"I agree that the Subject Vehicle is not a “lemon” and does not qualify as a “lemon” under the Song-Beverly Consumer Warranty Act or the Magnuson-Moss Warranty Act, and I will maintain possession of and any financial obligation for the Subject Vehicle.
I further agree to indemnify and hold the above parties harmless from all further claims, costs or expenses relating to this claim or the Subject Vehicle. I expressly agree that the only consideration I will receive is that listed above and that FCA US has made no other promises to me. I accept the consideration listed above as full satisfaction of any and all claims as set forth herein."

I'm just wondering if signing this means if the new battery craps out that I can't use this situation towards proving the car is a "lemon". It does state that " This Release shall not limit or modify the terms of any warranty or service contract applicable to the Subject Vehicle" so I'm thinking a faulty second battery would still be covered under the warranty.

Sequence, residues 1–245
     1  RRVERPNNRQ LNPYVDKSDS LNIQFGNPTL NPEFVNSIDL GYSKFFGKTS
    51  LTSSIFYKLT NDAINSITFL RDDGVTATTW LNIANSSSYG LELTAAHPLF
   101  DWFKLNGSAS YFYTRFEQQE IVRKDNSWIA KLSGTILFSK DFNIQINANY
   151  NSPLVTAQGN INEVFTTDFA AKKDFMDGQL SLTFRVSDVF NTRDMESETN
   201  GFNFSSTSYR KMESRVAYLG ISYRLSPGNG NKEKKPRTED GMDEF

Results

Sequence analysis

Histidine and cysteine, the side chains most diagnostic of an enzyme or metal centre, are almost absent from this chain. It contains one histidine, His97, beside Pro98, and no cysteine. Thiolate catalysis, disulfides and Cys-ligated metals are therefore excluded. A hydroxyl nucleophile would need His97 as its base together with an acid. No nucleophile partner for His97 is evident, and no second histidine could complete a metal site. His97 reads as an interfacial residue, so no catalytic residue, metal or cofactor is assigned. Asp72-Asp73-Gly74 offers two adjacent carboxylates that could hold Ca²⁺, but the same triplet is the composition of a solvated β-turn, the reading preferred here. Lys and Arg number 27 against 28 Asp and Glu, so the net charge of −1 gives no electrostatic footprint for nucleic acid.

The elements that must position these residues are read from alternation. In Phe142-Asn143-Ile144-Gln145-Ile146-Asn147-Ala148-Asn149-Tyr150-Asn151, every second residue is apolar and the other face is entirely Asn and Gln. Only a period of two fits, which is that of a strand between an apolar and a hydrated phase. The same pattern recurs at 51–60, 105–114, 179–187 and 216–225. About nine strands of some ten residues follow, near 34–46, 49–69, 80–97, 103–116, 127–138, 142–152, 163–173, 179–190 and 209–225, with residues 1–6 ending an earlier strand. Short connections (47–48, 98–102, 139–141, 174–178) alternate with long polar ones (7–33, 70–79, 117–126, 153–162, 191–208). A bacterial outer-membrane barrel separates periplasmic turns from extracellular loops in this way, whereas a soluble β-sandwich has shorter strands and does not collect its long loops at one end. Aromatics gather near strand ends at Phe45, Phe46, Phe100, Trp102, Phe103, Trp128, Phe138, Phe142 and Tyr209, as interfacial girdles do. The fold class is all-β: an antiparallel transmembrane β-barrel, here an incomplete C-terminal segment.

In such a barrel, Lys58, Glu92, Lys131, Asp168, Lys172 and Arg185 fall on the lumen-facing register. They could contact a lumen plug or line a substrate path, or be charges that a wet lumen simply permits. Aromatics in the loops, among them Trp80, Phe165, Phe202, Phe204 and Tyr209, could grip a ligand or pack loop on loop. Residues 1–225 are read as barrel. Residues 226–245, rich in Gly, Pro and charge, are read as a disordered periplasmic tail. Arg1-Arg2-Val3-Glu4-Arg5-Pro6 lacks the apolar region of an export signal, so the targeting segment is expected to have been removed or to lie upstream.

Has anyone been in this situation or can give advice on how to interpret the language?

Thanks.
My assumption would be that the document you've been offered is a boilerplate one and, as such, that there would be nothing untoward about the language. The statement about the vehicle not being a lemon strikes me as a bit strange, as there is no reason a different issue down the road might cause you to lose the vehicle for more than a month again, which would qualify as a lemon under many states' lemon laws. The second statement seems much more benign to me, inasmuch as it is relating to this specific claim. Even if the battery were to go bad again, that would be a new claim and not be subject to the language of the second clause.

Being boilerplate and being from FCA corporate, my guess is that you will have little leverage, but if it were me I would push to have "at this time" inserted after "does not qualify as a 'lemon'". The language here could be interpreted to be in perpetuity, which neither you nor FCA can guarantee at this time. Ideally, the clause would read more like this: "I agree that the Subject Vehicle is not a “lemon” at the conclusion of this claim and does not qualify as a “lemon” at the conclusion of this claim under the Song-Beverly Consumer Warranty Act or the Magnuson-Moss Warranty Act, and I will maintain possession of and any financial obligation for the Subject Vehicle following the resolution to this claim. I do not waive any rights toward the lawful resolution of any unique future claim."